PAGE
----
Friday 8 April 2016 - Monocle Minute | Monocle

Friday. 8/4/2016

The Monocle Minute

Image: Jeffery Bary

Page on stage

Pop-Up Magazine touched down in Brooklyn this week for the first stop on a US tour running until 13 April, selling out the Brooklyn Academy of Music (Bam) to a crowd of young, media-savvy professionals. The event – journalistic stories told on stage by a crop of writers and photographers, often with an orchestral accompaniment alongside images, video or illustrations – is an interesting model for any would-be expansionist media brand. The idea comes from fledgling West Coast publication The California Sunday Magazine and provides a clever platform for the editors to push the print product along with other projects. Brooklyn’s show featured an interesting line-up of unusual tales, from podcaster Phoebe Robinson to author Daniel Alarcón. And while the interactive elements worked – at one point the audience was invited to try two different cinnamon flavours as part of a story on conflict food – we feel there is room to be more adventurous still with the concept.

Image: Zengame

Camera; signal; manoeuvre

A radical change is set to hit the Japanese auto industry. Following a decision last November by the intriguingly named United Nations World Forum for Harmonization of Vehicle Regulations to allow carmakers to replace side and rear mirrors with camera systems, the Japanese government has said it will be legal to drive mirrorless cars on Japan’s roads from June. Carmakers are already showing off vehicles that use in-car monitors instead of mirrors, while Panasonic and Denso, among others, are developing camera systems. Japanese manufacturer Ichikoh, which has been making car mirrors and lamps for more than a century, is developing its Omni Eyes system, combining 360-degree monitoring of the environment around the vehicle with adaptable lights. Mirrorless technology eliminates blind spots, can enhance vision at night and use wide-angle cameras to offer a broader field of vision. Technology is racing ahead but drivers might need some time to get used to not looking in their rear-view mirrors.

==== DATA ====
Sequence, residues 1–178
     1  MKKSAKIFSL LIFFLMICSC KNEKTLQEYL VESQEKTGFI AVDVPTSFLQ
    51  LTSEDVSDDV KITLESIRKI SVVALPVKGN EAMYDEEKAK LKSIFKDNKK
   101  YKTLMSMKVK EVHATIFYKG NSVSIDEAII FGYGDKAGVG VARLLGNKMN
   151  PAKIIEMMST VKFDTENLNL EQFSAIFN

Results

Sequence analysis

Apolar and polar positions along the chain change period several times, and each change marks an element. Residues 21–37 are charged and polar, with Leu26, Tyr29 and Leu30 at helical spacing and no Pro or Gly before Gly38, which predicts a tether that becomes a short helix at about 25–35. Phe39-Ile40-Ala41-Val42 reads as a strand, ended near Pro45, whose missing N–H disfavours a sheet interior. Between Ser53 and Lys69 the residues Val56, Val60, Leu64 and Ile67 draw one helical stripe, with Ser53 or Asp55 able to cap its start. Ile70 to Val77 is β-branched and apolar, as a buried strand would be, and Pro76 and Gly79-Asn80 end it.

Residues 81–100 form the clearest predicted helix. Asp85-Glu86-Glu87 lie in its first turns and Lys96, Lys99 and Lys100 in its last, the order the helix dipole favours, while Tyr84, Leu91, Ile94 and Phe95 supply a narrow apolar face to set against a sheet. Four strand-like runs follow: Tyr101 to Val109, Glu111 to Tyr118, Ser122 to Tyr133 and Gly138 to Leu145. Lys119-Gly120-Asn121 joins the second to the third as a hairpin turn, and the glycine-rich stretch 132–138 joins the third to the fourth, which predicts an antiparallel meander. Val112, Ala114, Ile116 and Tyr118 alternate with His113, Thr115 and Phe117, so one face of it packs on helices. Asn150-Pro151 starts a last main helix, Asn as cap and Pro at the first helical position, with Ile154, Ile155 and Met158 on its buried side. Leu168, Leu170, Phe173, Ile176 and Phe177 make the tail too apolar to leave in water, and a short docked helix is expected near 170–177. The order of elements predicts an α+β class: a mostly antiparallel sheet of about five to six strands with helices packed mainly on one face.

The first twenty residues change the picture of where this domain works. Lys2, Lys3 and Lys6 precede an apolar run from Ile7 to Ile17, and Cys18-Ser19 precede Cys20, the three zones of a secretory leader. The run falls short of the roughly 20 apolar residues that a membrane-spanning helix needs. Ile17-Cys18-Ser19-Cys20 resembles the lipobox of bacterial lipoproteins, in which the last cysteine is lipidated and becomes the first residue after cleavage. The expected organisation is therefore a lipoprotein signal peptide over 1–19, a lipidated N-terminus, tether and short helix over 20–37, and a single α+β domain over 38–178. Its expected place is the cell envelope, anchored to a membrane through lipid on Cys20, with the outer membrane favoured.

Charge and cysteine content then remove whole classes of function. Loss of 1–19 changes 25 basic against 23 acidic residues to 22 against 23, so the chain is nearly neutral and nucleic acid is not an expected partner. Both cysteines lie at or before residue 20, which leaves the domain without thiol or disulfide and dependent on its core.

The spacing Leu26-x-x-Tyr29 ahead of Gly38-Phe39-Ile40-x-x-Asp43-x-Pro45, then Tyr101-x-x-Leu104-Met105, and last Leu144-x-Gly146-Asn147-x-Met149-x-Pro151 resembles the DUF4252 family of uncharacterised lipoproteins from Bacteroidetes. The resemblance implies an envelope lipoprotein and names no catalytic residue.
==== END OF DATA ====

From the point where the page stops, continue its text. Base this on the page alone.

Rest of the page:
Image: Harvey Nichols New Menswear Destination

Palpable purchasing

The refrain that this is the age of online retail giants such as Mr Porter and MatchesFashion may be getting louder but the new menswear section at London department store Harvey Nichols suggests that there’s still life in the bricks-and-mortar market. Yesterday the luxury retailer unveiled its rejigged two-storey space, which was nine months in the making and adds 50 labels to the 270-strong collection. Cannily the store incorporates an ease normally associated with online shopping into its physical design. Conceived by London firm Virgile + Partners, a striking mix of materials – including a timber floor covered in resin – adorn rooms that evoke multi-brand boutiques rather than the usual department store shop-in-shops. Each boutique has an overriding theme; the Denim Room, for instance, groups together the best basic pieces from across the brands, with rails of white shirts and leather jackets. Anita Barr, Harvey Nichols’ group fashion buying director, explains that “not all men enjoy browsing so we’ve made the experience easy by merchandising products by type”.

Image: Stefan Fuertbaue

The Monocle Quality of Life Conference

Whatever your brand – whether it be business, hotel or even city – doing hospitality well should be a main concern. Who is setting the benchmark for experiences that are genuine, reliable and believable? Monocle will be asking the experts – including chef and food writer Bill Granger, Tara Bernerd of interior-architecture firm Tara Bernerd & Partners, entrepreneur and hospitality player Gregor Wenter and Amsterdam’s night mayor Mirik Milan – at The Quality of Life Conference from Friday 15 to Sunday 17 April in Vienna. If you’re interested in discussing what marks the best in hospitality (among many other topics) you can book your tickets here.

Image: Davide D'Amico

Put your helmet on

As Spring arrives in London, Monocle’s editor Andrew Tuck has been cycling around the city – and he noticed one or two things when it comes to the capital’s cycling policy.

Monocle Films / London

Made in London

Globes, spoons and weaving: Monocle Films drops in on three makers that are helping to reinvigorate the UK capital’s artisanal heartbeat.


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